City of Rocks National Reserve

Southern Idaho is a place of distinct differences. Desolate volcanic formations to the north and rock cities to the south contrast with the activity of the city centers. Brown barren grass surrounds lush green, irrigated areas. Flat plains are punctuated by deep canyons and powerful waterfalls. All of these different areas provide opportunities for different family-friendly activities that will strengthen relationships and create memories. With so many choices it is easy to try something new. Perhaps a kayak trip down the Snake River? Maybe learn about the famous Hagerman horse at Hagerman Beds National Historic Site? See a woolly mammoth skeleton at the Herrett Center for the Arts where you could also catch a movie in their planetarium turned into an IMAX-style theater. Learn about a less-than-proud part of American History in Minidoka, home to a Japanese-American internment camp during World War II. Check the local event calendar and attend a festival or visit a farmers’ market. With so many different options, Southern Idaho is a great place for families to visit that may not have been on your travel radar, yet.

Top of Inferno Cone at Craters of the Moon National Park and Preserve

Next Stop – Rocky Mountain National Park

The Towering Cliffs of Rim Rock Drive – Colorado National Monument

Entrance sign at the beginning of Rim Rock drive

Towering cliffs and scenic vistas fill my mind as I recollect a recent family trip to Colorado National Monument. I knew very little about the park before visiting and wished we had planned more time. A short drive outside of Fruita, in Southwest Colorado, looms a park unlike any other. 23-mile Rim Rock Drive traverses through the cliffs and rock outcroppings, climbing almost 2,000 ft. to the summit before descending the other side. Along this narrow, winding road are three tunnels carved right through the rock, eliciting my son’s excitement at each one we approached. “Another tunnel”, he would yell from the backseat as we would enter, knowing full well that I was about to beep the horn to let the echo reverberate in our heads. At the top of some of the mammoth cliffs lies the visitor center, where hands-on exhibits offer children a chance to learn about the history and wildlife of the area. Here is a great spot to stop and spend some time with the family. Allow your children to work on the junior ranger booklet, designed to reinforce the important lessons of the area. Take a short hike to view the canyon below and point out the wide array of various plants and birds. Have lunch at a nearby picnic bench and sit back to enjoy the breathtaking views.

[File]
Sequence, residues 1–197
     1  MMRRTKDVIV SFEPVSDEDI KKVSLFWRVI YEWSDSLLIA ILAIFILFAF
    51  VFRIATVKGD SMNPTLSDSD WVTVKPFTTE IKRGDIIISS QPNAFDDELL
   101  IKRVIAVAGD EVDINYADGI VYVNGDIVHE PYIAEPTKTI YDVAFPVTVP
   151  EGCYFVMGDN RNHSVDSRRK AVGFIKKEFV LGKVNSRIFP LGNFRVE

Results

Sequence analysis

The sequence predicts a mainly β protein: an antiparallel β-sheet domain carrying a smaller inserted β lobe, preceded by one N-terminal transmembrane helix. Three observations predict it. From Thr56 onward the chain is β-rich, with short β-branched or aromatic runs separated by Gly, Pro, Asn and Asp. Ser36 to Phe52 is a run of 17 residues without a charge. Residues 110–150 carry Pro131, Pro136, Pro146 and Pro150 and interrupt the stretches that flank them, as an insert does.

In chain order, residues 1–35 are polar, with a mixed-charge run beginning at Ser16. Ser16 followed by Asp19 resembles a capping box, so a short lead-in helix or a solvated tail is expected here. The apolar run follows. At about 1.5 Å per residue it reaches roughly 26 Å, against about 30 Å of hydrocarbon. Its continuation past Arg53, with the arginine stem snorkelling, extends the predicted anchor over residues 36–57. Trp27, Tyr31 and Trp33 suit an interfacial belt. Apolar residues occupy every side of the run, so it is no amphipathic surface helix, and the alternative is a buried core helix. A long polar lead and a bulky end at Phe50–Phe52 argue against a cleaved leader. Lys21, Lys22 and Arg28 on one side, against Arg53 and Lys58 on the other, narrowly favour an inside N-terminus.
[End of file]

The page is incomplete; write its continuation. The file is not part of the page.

One of many tunnels along Rim Rock Drive
Independence Monument

As you leave the visitor center, you will pass many scenic overlooks. Two of the best, must-stop points are Independence Monument View and Upper Ute Canyon Overlook. At Independence Monument, you can hear the story of the original climbers of the famous rock and the many that have followed. If your timing is right, a park ranger will be there to explain the history and possibly have displays on hand as well. This is a great spot for that holiday card-worthy family photo to trigger your excuse-making friends’ jealousy. A short walk at Upper Ute Canyon, while tightly holding your child’s hand, leads to an overlook that exemplifies the grandeur of the area as you peer down into the canyon below. The sheer red cliffs dotted with tufts of green foliage are a sight to behold.

Upper Ute Canyon Overlook

Colorado National Monument is a park that few outside of Southwestern Colorado know about, but one that is worth every minute spent in the awe-inspiring landscape. Your children will be able to better appreciate the grandeur of the world and realize in it just how small they really are. Just make sure to plan more time to spend in the park with your family then I did.

Rim Rock Drive switchback

Next Stop – Southern Idaho